Inter-group variation in non-conceptive sexual activity in female Japanese macaques: could it be cultural?
Carrier, Lydia Ottenheimer
Vasey, Paul L.
Sciknow Publications Ltd.
We compared two non-conceptive sexual behavioral patterns (female-male mounting – FMM – and female-female mounting – FFM) across four free-ranging groups of Japanese macaques (Macaca fuscata) living at three different field sites in Japan (Arashiyama, Minoo, and Jigokudani). We found marked inter-group differences and covariation in the frequency and form of FMM and FFM. This result supports the view that FMM and FFM in Japanese macaques are developmentally and evolutionarily linked. The customary occurrence, high prevalence, and great diversity of FMM and FFM at Arashiyama may be the result of combined favorable socio-demographic conditions, namely few resident males, most of them being old, sexually under-motivated, and less aggressive and controlling than the average male Japanese macaques. We suggest that FMM and FFM may be cultural sexual practices in the Arashiyama-E group. In most other populations, all the aforementioned favorable sociodemographic conditions are not met, and although female mounting may occasionally be expressed by several group members, it does not reach the group-level tradition status. Our cultural interpretation of female mounting in Japanese macaques is consistent with evidence of the social transmission of courtship behaviors and mating preferences in various animal taxa, including nonhuman primates and humans. Our study may have implications for the evolution of non-conceptive sexuality in humans, including sexual fluidity in women.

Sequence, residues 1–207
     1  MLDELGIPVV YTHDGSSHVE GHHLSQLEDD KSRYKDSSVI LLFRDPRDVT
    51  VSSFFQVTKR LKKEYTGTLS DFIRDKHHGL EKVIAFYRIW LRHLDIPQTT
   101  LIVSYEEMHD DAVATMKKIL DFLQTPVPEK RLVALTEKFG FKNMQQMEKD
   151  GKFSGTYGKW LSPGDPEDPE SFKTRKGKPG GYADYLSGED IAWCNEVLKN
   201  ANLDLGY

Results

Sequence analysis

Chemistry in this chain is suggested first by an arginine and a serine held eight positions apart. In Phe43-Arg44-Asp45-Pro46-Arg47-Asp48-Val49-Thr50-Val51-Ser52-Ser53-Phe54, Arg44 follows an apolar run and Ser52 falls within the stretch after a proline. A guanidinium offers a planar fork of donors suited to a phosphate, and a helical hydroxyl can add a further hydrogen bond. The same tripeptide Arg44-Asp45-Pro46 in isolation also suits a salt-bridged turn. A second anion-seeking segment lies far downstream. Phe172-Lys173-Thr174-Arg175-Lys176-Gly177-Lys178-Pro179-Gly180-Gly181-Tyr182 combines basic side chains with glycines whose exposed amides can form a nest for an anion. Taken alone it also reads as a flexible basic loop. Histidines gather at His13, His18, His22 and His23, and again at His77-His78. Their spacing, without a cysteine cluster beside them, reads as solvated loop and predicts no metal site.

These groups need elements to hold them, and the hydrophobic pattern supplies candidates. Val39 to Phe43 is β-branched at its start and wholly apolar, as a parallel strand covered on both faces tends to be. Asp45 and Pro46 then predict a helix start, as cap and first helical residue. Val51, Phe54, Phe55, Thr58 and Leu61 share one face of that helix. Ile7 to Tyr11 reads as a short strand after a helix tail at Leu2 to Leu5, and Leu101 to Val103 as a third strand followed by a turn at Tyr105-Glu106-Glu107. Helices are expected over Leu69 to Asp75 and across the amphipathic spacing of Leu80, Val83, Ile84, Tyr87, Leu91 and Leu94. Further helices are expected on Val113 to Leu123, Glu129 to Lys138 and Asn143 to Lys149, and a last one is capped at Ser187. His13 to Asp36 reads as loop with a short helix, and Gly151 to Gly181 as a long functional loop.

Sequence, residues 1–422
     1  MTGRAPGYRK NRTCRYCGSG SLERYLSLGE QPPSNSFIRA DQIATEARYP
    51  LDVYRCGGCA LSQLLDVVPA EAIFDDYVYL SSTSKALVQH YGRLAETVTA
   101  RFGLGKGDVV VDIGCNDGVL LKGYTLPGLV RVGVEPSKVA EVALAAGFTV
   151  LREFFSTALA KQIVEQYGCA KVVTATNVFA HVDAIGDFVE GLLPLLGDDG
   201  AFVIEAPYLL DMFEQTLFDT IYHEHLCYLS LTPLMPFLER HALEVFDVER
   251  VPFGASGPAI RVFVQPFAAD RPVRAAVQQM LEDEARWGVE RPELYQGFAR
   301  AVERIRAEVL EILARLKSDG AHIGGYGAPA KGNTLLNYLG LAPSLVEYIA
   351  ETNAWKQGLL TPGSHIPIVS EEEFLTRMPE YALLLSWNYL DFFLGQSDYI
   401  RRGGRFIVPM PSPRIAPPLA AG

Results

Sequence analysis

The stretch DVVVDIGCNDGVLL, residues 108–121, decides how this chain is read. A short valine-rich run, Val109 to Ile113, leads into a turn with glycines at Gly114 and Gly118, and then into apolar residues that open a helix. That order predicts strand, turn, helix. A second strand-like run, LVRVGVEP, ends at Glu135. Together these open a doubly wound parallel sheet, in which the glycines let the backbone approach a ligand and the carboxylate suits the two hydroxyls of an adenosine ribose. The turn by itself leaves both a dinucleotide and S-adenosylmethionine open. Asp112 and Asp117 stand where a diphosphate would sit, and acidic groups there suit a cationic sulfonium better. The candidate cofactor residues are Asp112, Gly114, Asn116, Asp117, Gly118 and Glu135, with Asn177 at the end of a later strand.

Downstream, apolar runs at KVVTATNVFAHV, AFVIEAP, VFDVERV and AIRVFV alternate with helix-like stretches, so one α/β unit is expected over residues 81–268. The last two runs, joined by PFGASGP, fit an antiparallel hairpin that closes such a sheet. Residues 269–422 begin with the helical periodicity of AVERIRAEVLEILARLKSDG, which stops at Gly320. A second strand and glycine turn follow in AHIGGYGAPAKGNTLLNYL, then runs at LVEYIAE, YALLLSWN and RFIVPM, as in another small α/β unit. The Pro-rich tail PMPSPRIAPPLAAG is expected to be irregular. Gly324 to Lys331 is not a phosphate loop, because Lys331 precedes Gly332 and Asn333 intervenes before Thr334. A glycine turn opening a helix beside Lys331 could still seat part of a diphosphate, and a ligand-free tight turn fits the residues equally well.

Open access distributed under the Creative Commons Attribution 3.0 License.
Female-male mounting , Female-female mounting , Male senescence , Sex ratio , Sexual coercion , Sexual harassment , Cultural zone , Primates , Sexual behavior patterns , Cultural sexual patterns , Non-conceptive sexuality
Leca, J-B., Gunst, N., Carrier, L. O., & Vasey, P. L. (2014). Inter-group variation in non-conceptive sexual activity in female Japanese macaques: Could it be cultural? Animal Behavior and Cognition, 1(3), 387-409. doi:10.12966/abc.08.12.2014